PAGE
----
When I started to write my PhD thesis in 1988, personal computers were not yet universally used. Anyway I didn’t have one. So I wrote first a chapter of my dissertation by hand, then I typed it and I sent a physical copy to my tutor. I think it was a good system. Maybe it was not really efficient in view of the present method, but I had a good survey of what I was writing, and my manuscript was full of lines and arrows connecting parts of the manuscript that belonged together. I cannot draw such lines with a computer. On the other hand, it was difficult to move parts of the text I had written at the wrong place or adding text somewhere in the middle of the manuscript, so I used a kind of reference system. I didn’t see it as a loss of time that I had to retype the handwritten text, for it gave me an extra check. However, when I had finished my thesis the publisher wanted to have it on a floppy (do you still know what it is?), so I bought a computer and typed the whole work again.
Even with a PC available I still continued writing my manuscripts first by hand before typing it out digitally, for I didn’t like working behind a desk and writing with a computer. I preferred doing that sitting in an armchair. Later I bought also a laptop which I literally used as a laptop: in my armchair I wrote down my ideas. Since then handwritten manuscripts belonged to the past for me. So when I started my blogs in 2007, I begun writing down some notes about my approach by hand, but when I started actually writing my first blog, I used my laptop. These notes are some of my last handwritten philosophical texts. Everything is done in bits and bytes since then, even the notes.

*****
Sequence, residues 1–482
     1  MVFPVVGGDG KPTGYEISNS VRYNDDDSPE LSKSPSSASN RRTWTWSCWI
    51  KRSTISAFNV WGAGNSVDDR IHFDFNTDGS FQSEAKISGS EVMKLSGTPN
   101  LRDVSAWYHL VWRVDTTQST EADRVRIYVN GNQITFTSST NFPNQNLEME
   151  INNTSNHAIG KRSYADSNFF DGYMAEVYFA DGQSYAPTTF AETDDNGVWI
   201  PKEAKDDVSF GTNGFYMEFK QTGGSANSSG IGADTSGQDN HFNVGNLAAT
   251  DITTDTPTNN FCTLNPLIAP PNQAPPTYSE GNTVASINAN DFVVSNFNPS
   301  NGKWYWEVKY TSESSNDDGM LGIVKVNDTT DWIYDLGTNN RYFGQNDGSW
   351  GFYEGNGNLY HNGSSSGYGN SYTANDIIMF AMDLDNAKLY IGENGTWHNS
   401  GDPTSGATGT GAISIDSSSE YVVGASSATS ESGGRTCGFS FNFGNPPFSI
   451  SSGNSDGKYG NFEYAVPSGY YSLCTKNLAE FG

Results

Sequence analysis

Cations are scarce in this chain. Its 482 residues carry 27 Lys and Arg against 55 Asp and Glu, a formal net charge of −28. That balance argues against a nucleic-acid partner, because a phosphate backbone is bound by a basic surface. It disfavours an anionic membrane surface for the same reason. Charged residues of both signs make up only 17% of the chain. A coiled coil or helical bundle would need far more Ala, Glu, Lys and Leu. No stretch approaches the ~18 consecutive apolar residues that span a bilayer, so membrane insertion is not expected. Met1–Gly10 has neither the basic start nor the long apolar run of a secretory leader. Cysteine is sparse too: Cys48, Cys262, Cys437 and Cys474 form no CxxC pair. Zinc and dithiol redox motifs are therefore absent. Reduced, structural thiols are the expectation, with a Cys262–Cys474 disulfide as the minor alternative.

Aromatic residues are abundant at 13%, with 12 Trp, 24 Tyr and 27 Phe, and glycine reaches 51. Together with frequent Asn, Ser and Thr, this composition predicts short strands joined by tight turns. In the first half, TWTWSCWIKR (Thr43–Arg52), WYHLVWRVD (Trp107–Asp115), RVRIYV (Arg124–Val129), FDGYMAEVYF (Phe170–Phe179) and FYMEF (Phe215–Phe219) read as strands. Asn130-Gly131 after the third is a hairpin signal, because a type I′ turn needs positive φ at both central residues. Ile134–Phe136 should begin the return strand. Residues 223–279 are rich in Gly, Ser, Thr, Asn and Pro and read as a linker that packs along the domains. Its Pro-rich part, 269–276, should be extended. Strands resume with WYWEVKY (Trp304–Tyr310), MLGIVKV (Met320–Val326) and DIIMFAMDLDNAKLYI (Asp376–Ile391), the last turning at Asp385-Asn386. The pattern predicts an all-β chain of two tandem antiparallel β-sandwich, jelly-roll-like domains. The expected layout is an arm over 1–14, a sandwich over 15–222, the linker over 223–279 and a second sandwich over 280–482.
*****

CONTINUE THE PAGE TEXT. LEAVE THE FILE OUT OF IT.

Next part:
Is it a positive change? My present way of writing is good and efficient. Nevertheless, since I have read a present newspaper article I wonder whether the old-fashioned manual work isn’t to be preferred. For what happens to be the case? Handwriting appears to be much better for your recollection than typewriting, so the article states, which makes that it is certainly not yet an outmoded manner for producing texts! Children who learn writing first by hand do not only read faster but they are also better in remembering information and developing new ideas than children who learn their first letters on the keyboard. Apparently the manual writing activity stimulates not only the “writing circuit” in the brain but also adjacent circuits. The reason might be that writing by hand is quite a messy activity in comparison with writing with a keyboard and this makes that a wider part of the brain is involved. This pays off later, when you have to call up from memory what you have done.